evening. As any linear structures push east, winds will continue to
be a concern, but the stronger cap heading eastward will begin to
reduce the threat of more extreme types, but still a small tornado
threat heading into southwest MN after midnight along with the
potential mesovortices.

In addition, even if convective modes fail further south, hi-res
models indicate that there will be a very strong pressure gradient
behind the front, so may end up with some advisory level or stronger
wind gusts for an hour or so immediately behind the frontal passage.

.LONG TERM...(Wednesday through Monday)
Issued at 419 AM CDT Tue Sep 19 2017

Medium and extended forecast concerns remain focused on a large
scale warmup and the potential for heavy rainfall by the end of the
week and next weekend.

High pressure will sweep into the region on Wednesday dropping
temperatures to near normal levels. As troughing begins to deepen
over the Western CONUS again on Thursday, strong return flow
develops and temperatures will start their journey back well above
normal to finish the week. One area of the forecast to monitor would
be Thursday evening/overnight as a sneaky shortwave and strong theta-
e advection could help produce scattered convection in the evening.
GFS is the only model really picking up on this, but from a
parameter perspective, it could bring a risk for strong elevated
convection if it forms.

The CWA remains firmly in the warm sector for Friday, which will
allow both moisture and temperatures to pool south of a frontal
boundary over northern SD/MN. Convection may develop along this
boundary late Friday into Saturday, and may bring a risk of strong
storms into Saturday morning.

Next weekend looks VERY unsettled as the aforementioned sfc boundary
and elevated baroclinic zone remain planted overhead. Pattern
analogs from CIPS guidance provide increased confidence in elevated
risks for an elongated corridor of heavy rain potential especially
Saturday evening through Sunday morning. NAEFS ensemble and
climatology percentiles suggest PWAT values and moisture transport
approach the 99th percentile by late Friday and these values may
continue into Sunday. So it`s possible that there would be
afternoon/evening strong convection Friday and Saturday south of the
boundary, which evolves into a couple of nights of moderate to heavy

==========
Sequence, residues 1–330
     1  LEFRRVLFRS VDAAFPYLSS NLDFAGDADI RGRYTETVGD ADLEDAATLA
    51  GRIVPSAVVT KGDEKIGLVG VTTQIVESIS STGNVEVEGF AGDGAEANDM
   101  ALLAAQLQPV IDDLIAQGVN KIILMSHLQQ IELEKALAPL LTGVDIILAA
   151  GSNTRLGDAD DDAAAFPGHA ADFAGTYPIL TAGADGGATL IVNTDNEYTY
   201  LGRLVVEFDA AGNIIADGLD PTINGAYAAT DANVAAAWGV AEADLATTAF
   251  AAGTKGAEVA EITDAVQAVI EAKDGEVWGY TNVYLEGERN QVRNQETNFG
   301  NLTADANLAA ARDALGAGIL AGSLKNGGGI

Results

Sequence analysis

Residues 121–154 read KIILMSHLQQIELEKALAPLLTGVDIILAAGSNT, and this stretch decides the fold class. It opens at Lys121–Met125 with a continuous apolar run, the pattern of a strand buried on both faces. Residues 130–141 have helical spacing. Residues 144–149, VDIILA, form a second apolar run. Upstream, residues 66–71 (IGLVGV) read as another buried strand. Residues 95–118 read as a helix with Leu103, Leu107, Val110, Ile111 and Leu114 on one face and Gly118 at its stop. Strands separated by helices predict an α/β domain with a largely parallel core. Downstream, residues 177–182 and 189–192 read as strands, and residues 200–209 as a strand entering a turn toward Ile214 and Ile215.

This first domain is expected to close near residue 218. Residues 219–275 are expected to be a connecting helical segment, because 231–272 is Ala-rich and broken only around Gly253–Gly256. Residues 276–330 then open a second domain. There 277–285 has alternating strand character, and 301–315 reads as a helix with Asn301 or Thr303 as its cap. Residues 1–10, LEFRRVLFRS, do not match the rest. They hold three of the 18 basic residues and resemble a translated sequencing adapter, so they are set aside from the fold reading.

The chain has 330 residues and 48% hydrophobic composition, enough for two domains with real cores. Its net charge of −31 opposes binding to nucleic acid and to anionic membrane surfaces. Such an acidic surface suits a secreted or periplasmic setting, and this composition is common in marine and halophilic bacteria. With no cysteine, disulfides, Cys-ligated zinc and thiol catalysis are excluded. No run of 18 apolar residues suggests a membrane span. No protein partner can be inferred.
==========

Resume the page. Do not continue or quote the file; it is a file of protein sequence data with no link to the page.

rains in the Tri-State region.  The biggest questions are just where
the boundary will become established (or will it be more progressive
as the ECMWF suggests) and will it move each day based on overnight

The synoptic pattern breaks by Monday, which should force the front
through the area and eventually a trend towards cooler temperatures
the following week.

Forecast Change Summary:

1. Increased overnight low temperatures Friday/Saturday nights.
Increased max temperatures Friday/Saturday. There could be record
overnight minimum temperatures on Friday/Saturday.

2. Increased PoPs over the Friday-Sunday timeframe towards

3. Increased thunder probabilities over populated guidance.


.AVIATION...(For the 12Z TAFS through 12Z Wednesday morning)
Issued at 646 AM CDT Tue Sep 19 2017

Widespread LIFR ceilings will be slow to erode and lift today.
Eventually, gusty southerly wind flow (surface gusts at or above
25 kts) will aid in advecting out of the area, but should get some
higher MVFR ceilings reforming mainly east of the James River
valley by late afternoon where clearing does occur. Still looks to
be a significant severe weather threat, especially for areas near/north
of interstate 90, with threat for very strong wind gusts of 65+
kts and large hail. Synoptic winds behind the strong frontal
boundary could also gust for a couple hours at 25 to 35 kts, even
if convection does not impact the TAF sites.




SHORT TERM...Chapman
AVIATION...Chapman is the U.S. government's official web portal to all federal, state and local government web resources and services.